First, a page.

Around the Table

In our last post of October, we discussed the importance of knowing your family history. That discussion mostly focused on personal and family history information as it related to cancer risks, but it is just as important to learn about other aspects of your family history to assess risks to yourself and your children for many types of inherited genetic conditions.

If you are thinking of starting a family of your own or your children are getting ready for that stage of their lives, then you should take advantage of the time you have with your family during the holidays to start a discussion about family health history.  

The National Society of Genetic Counselors (NSGC) recommends the collection of family health history in order to provide better medical care. The extent of the information gathered depends on how much information you know and can in turn provide to your healthcare specialist.

So keep your family updated! Your health is constantly changing, this is not a one-time discussion or something to ignore. Start the conversation ASAP and use your family gatherings as an opportunity to empower yourself and continue to gain knowledge throughout your life. This knowledge can aid in diagnosis, healthcare decisions, screening, genetic test selection, interpretation of test results and the identification of other at-risk relatives.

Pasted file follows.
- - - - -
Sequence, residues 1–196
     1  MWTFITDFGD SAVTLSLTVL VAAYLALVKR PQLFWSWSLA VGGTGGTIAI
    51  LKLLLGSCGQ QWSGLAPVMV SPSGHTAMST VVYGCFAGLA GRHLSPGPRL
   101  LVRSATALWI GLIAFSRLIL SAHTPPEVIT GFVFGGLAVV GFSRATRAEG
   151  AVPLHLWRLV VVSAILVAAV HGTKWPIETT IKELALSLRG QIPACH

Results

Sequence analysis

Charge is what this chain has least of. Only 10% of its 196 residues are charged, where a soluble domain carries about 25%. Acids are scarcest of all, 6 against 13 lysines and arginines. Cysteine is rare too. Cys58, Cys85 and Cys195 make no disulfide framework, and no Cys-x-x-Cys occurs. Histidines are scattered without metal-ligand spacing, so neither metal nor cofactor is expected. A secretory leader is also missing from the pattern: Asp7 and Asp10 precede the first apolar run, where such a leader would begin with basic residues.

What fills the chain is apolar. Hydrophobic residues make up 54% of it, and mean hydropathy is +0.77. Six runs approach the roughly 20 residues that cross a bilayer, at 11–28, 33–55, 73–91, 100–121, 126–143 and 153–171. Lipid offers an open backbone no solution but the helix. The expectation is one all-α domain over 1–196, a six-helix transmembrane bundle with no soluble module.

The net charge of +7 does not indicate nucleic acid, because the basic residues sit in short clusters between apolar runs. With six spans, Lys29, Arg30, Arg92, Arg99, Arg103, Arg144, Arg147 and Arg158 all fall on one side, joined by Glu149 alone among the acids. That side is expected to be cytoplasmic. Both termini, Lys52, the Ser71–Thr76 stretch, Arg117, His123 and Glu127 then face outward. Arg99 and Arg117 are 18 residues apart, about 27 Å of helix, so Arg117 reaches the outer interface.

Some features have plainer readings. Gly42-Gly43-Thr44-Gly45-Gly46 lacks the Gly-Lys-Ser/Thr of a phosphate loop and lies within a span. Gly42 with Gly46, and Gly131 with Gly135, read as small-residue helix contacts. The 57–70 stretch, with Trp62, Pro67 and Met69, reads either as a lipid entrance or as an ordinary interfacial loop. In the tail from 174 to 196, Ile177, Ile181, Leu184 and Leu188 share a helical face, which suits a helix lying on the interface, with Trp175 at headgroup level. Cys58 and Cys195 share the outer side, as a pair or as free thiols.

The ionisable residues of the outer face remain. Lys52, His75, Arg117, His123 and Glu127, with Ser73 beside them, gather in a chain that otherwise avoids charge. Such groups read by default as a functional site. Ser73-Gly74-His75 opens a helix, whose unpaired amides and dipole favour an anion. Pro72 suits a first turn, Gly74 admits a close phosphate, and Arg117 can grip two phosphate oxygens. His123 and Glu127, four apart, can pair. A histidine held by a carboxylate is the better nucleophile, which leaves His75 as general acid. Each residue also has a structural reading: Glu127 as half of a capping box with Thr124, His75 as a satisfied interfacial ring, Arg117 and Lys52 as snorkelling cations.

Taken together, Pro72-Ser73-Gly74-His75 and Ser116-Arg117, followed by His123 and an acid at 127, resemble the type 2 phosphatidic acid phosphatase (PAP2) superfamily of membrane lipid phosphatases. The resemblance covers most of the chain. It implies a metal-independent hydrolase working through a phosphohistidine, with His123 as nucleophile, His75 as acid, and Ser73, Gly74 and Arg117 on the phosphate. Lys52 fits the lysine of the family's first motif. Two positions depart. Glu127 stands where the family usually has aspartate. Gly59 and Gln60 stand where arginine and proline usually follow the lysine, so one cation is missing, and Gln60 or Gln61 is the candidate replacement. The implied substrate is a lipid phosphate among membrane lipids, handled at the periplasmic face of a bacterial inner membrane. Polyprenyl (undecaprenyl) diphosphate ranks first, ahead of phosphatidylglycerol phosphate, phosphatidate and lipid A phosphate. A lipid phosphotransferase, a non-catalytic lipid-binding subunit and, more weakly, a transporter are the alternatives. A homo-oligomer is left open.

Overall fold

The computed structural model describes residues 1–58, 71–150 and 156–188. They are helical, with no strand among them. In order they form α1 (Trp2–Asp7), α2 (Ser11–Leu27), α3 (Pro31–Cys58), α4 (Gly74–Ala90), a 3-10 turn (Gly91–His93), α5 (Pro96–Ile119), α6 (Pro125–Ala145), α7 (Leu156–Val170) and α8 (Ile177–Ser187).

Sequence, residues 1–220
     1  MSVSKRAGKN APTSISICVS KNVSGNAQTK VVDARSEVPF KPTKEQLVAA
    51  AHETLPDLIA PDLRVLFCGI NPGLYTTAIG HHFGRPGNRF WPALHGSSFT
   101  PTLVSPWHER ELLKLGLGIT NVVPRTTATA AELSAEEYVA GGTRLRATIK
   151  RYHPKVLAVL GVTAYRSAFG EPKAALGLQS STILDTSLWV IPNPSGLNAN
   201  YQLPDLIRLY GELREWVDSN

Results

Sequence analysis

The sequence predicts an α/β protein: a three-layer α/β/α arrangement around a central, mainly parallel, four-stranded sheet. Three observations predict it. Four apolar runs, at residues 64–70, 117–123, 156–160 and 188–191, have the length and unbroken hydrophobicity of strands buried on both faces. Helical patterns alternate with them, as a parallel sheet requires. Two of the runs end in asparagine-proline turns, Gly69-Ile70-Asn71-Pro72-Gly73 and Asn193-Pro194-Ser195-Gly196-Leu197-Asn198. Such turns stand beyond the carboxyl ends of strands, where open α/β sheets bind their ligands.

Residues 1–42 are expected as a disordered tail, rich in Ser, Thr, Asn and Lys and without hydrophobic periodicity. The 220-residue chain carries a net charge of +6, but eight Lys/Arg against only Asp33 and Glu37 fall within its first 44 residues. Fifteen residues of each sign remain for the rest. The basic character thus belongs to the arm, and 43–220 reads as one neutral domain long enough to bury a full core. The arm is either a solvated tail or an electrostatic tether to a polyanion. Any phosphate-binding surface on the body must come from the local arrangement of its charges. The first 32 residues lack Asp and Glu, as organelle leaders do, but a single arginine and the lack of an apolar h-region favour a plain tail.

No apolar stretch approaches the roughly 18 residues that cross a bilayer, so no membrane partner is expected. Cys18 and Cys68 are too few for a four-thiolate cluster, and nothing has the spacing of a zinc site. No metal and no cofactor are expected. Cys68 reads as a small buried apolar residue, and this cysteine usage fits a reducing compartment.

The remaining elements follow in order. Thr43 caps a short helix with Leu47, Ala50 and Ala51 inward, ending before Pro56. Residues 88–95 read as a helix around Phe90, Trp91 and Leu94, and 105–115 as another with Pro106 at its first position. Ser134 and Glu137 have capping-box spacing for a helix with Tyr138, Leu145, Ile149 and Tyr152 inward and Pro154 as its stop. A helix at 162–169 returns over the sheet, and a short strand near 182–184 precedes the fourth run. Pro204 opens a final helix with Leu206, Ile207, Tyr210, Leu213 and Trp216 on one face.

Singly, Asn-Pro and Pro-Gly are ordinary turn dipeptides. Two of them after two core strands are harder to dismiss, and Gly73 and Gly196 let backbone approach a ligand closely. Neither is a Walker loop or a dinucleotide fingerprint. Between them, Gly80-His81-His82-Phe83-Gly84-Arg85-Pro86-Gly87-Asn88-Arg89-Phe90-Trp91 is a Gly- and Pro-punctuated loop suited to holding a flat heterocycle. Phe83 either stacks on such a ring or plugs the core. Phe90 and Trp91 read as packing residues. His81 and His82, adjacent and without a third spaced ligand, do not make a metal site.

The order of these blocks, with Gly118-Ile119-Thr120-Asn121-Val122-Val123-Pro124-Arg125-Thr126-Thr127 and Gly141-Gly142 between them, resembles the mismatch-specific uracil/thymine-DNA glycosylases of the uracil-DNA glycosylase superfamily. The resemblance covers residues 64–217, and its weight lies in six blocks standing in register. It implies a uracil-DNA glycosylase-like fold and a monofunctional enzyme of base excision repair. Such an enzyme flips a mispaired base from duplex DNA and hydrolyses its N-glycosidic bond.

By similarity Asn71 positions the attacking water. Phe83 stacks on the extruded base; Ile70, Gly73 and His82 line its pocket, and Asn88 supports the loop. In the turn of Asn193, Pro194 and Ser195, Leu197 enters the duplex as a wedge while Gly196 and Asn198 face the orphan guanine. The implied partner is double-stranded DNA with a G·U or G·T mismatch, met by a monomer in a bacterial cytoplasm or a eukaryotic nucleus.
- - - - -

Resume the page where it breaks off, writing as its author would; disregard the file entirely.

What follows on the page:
Many of you are extremely proactive about your health already, so let’s take it one step further and put the whole picture together. You should know the health history of your first degree relatives (parents, siblings, children), second (grandparents, aunts/uncles, nieces/nephews, half-siblings, grandchildren) and potentially even you third (first cousins).

Helpful pieces of information include:

  • Current age or age at death
  • Gender at birth
  • Medical conditions with ages of onset
  • Treatments received
  • Pregnancy histories
  • Any other details you can think of

It is also always helpful if you can get any medical records documenting a diagnosis or genetic testing result.

Talking about these topics can be difficult or uncomfortable, but this information cannot only help you, but every member of your family. So when you're sitting around the Thanksgiving table, take the time to ask these important questions. Check out NSGCs tips and tricks for how to start the conversation.